Gijon, September 26th- October 13th
This is our first longer stay in a city. We find a very pleasant parking with a huge park overlooking the big sweep of beach that fronts the town. The first day turns out to be a bit of a shopping spree – we pick up our second fold-up bike, a speaker and some storage boxes that fit our new shelving system perfectly. Soon there will be enough space inside our Emma for Frank to be able to set up his massage table! The speaker was a last minute necessity – I picked up 2 private Tango lessons to be held in the park on my lovely portable dance floor. In the evening, we stumble upon a treat: a free Flamenco and Tango performance in a tiny art gallery – very intimate and very passionate on both counts!
We have some fun washing in the sea at night. The waves are quite strong and there is an undertow too, and as I have a bad toe having stubbed it on a rock the day before, I keep falling over as if I’m drunk. The sea is lovely and warm. So far we’ve found great places to swim/wash and have not had any need for showers. Just have a look at these two – last Tuesday and Wednesday’s. One in the Picos, one by the sea. Probably about 30 Minutes driving in between. Who needs a bathroom when you got this??? And don’t they both remind you of Devon?
I wonder though what it’s going to be like when the temperatures sink….
We can really explore the city now that we have two bikes! Gijon has an old part of the town near the fortress that is overlooking the ports. When I go to explore it one afternoon, it seems eerily quiet compared to the lively city with its bustling parks where people meet in the evenings and watch the children play in the playgrounds. Gijon has a huge sandy beach at the waterfront, several kilometers long and impeccably clean (it gets swept every night). The people seem relaxed and friendly here.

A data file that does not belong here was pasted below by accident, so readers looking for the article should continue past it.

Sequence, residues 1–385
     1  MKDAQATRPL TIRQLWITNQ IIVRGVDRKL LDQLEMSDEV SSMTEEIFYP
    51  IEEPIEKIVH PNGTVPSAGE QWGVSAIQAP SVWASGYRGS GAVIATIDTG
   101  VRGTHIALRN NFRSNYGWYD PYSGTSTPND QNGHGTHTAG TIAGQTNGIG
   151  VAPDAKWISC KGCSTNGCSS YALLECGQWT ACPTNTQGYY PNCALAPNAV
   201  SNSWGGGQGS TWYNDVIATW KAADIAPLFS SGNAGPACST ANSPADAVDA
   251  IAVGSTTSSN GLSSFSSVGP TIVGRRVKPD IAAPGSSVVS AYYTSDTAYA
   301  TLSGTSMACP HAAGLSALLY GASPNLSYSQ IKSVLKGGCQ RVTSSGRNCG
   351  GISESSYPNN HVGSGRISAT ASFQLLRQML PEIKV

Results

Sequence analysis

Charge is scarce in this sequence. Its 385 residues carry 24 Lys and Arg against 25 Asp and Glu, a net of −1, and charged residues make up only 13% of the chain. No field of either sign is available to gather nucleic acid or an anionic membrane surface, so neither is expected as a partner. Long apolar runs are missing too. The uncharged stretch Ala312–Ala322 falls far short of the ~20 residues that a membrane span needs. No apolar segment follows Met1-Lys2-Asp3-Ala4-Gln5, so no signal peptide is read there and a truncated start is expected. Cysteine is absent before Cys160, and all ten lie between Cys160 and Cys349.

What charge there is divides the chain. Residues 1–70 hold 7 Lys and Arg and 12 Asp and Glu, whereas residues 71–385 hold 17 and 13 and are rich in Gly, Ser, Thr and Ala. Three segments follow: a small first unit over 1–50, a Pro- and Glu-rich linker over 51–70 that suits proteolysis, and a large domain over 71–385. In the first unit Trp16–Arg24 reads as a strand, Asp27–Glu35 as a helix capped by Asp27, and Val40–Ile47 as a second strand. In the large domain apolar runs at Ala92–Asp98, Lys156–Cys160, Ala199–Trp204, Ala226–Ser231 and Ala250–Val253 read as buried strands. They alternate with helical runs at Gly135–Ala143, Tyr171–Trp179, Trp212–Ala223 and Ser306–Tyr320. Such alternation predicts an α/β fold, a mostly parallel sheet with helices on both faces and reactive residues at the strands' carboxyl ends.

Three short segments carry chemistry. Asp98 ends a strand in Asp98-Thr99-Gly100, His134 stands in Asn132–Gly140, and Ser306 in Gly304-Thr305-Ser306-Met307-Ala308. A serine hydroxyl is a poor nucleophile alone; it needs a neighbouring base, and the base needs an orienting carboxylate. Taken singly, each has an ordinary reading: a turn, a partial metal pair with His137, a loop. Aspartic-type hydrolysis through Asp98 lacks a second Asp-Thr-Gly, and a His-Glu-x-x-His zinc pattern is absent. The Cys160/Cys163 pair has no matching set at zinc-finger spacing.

There is a different culture in Spain about helping people. People stop and help whenever someone is in need, effortlessly and without being asked. For example when Frank’s bike chain comes off, another man stops and starts helping him without even talking to him first.
An old couple park their mobile home near ours, and I see something dangling underneath in a way that probably it shouldn’t. I alert them to it and see how the old man has problems even looking underneath, let alone reach under to sort it out. So I shuffle myself underneath to find a relais dangling that should be fixed. I fix it for them and we chat a bit, and they leave me two water bottles. Being in need and also looking out for others in need is a good opportunity to connect with people. After an exchange like that, I feel so much richer.
On Sunday, we join a group of people for food and Tango in a restaurant in Villaviciosa. The food is excellent, the company is joyful, and the dancing is friendly. It turns out that the head chef is a renowned Asturian singer, and once the food is all under way, she regales us with her songs. First from the kitchen via microphone, but then she also comes out of hiding and sings for us without amplification. She has an extraordinary voice and the songs are exquisite – beautifully decorated laments, strong and with a very interesting non-western tonality. A little bit like Corsican music, but also like flamenco, and like Bulgarian singing too…
Alejandro and Umbe are at the dance. They are the Tango teachers in this area, and they were in fact the performers from a few days ago. They are really nice people and they have a little Tango school called Tango Brujo, beautifully done up, right in the centre of Gijon, where they teach but also host all sorts of other classes from Pilates to Flamenco and swing. They have a Tango festival too. Unfortunately it’s next weekend, when we are both away, Frank in Wales and I in Germany…
We are not looking forward to having to break our journey, but needs must, and most likely we will enjoy our time away once we are there. Frank is off to Wales, to do a clown gig, to see his family and to sort out some stuff. I’m off to teach in Dresden and then in Proitze, meeting Yoli on the way. We will reunite in just over a week to continue our journey.
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